The Business Year

Qatar's agriculture sector has risen above the challenges of the blockade, with an increasing number of companies utilizing cutting-edge technologies and new business models to bring the country closer to food security.

Nasser Al Khalaf

Managing Director, Agrico Agricultural Development

In terms of self-sufficiency, Qatar has made a great deal of progress, and we are just a few years away from being self-reliant for staple food items. Agrico is expanding this know-how, which we built locally, to other farms. We are also in communication with government bodies to spread this knowledge across the country, which will allow for year-round production. All farms in Qatar need to be educated because they have been using a certain system for a long time. At present, we have 120,000sqm of greenhouses with cooling systems and 120,000sqm of greenhouses without cooling systems. Moreover, we have about 20,000sqm of different farms in Qatar. We have some projects in the pipeline, and by end-2019, we plan to have 1 million sqm of closed and environment-controlled greenhouses with our own Agrico systems. This will allow us to expand into all types of vegetables. We see ourselves as developers. We developed this greenhouse system ourselves, without help from any expert companies. The only thing we borrowed is the greenhouse structure. In 2013, we also started producing greenhouses. Now, we seek to develop indoor plantation for lettuce and green leaves. Moving forward, we want to raise greater awareness of new technologies and methods, in part through workshops, and convince farmers to convert to our technology.

Fahad Al Khalaf

CEO, Qatar Meat Production Company

The majority of the meat we process is from Brazil; Australia and Europe are our second and third-largest source, respectively. We work under international standard requirements and have all of the certificates, such as ISO and HACCP. We comply with international requirements, but also have our own division for quality control. We have 10 employees who are solely focused on quality. We cover all the current needs, from retail and wholesale to food sales. If the market needs a different kind of product that is not available here, we arrange delivery from elsewhere. For instance, in the past, some products used to come from Saudi Arabia, Dubai, Jordan, or Turkey, though now we are developing products to be produced locally. In order to create the entire supply chain locally, we plan to do farming in Qatar by end-2019, and livestock and slaughtering will follow in the near future. Besides that, Baladna, which is working in Qatar, plans to open a slaughterhouse for veal meat distribution in the Qatari market. We will become one of its clients, mostly because of the freshness and quality of the meat, though also because we can be 100% certain the animals were slaughtered in a halal manner. As well, we can capitalize on the “Made in Qatar“ brand. In the future, our priority is to expand internationally. We already export to Kuwait and are planning to export to Jordan, Iraq, and Africa.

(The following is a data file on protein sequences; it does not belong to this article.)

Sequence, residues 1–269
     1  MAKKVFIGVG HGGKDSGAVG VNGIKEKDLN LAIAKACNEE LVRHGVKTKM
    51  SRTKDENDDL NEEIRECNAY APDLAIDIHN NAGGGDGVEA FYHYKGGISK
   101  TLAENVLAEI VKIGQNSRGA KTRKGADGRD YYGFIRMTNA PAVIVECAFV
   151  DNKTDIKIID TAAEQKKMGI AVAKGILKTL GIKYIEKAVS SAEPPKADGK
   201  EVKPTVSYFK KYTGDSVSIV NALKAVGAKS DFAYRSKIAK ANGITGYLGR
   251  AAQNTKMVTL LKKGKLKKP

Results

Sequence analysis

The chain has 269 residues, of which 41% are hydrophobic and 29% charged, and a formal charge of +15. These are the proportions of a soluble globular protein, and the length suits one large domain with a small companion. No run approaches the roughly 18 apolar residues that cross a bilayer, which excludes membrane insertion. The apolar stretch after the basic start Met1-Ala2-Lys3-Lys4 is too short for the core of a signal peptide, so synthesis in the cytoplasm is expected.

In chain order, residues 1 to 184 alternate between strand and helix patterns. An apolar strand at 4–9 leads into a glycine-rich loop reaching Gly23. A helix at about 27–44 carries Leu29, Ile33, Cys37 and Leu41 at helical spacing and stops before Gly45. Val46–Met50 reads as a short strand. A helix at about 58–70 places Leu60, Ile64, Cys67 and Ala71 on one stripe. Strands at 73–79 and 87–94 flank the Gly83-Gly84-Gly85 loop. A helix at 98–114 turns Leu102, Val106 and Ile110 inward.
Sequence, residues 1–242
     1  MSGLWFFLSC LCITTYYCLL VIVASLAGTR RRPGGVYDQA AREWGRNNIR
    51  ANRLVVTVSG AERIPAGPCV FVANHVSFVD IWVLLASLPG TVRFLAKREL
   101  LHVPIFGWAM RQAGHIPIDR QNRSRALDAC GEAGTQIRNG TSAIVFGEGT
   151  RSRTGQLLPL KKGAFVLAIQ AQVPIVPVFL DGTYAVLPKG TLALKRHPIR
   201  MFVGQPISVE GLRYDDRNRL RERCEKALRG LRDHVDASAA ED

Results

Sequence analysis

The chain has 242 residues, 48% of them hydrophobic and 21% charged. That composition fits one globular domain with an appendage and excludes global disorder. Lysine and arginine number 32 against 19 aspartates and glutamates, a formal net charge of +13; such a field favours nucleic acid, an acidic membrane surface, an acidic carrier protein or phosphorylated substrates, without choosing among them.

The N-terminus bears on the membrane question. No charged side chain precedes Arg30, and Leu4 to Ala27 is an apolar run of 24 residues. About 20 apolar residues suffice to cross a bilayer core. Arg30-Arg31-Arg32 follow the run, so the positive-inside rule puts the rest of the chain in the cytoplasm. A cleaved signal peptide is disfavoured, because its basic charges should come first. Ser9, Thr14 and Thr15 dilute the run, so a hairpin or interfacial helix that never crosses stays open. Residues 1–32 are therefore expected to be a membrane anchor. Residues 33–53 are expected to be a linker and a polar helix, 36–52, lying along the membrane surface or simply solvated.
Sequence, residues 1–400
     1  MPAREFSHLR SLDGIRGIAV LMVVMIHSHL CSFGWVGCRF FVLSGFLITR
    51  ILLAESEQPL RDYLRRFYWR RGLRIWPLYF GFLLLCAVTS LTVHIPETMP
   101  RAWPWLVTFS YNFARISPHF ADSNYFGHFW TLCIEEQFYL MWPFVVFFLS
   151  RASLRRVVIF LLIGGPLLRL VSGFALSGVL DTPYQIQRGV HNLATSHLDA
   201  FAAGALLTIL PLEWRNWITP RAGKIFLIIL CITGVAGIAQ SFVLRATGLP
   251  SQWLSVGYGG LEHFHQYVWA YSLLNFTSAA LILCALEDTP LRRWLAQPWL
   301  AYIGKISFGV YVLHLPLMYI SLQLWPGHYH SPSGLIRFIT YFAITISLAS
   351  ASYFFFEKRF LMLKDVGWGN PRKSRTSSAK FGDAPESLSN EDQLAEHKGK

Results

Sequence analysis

Raed Al-Khalaf

Chairman, Raed Al-Khalaf

In hindsight, the blockade has benefited us. For example, we are building a factory to increase in-country production. We already have a frozen line for fruits and vegetables for the local market, and we have a fresh-cut production line, providing the majority of catering for the food service and retail sectors. Notably, Al Raed has a packing and sorting system for local growers and one of the largest chiller systems in Qatar, capable of storing up to 11,000 tons. We are designing a carbonated soda drinks production line in our factory that will help us further secure our position in the local market. At present, there are 32 traders in the Qatar market, and we are one of the top three. This is because we incorporate the best available technology and follow rigid quality standards and quality control measures. For example, we have an automated ripening system imported from France, enabling us to prepare fruits for the market in one day. In the next few years, we plan to export. We were previously exporting to six or seven countries, but at present we are busy just covering the Qatari market. Before the blockade, we supplied 50% of total market needs; now, we cover 78% of the Qatari market with our Waterproofing Factory. Our business model is to achieve the complete cycle, and in 2019, we will launch more products to meet market needs.

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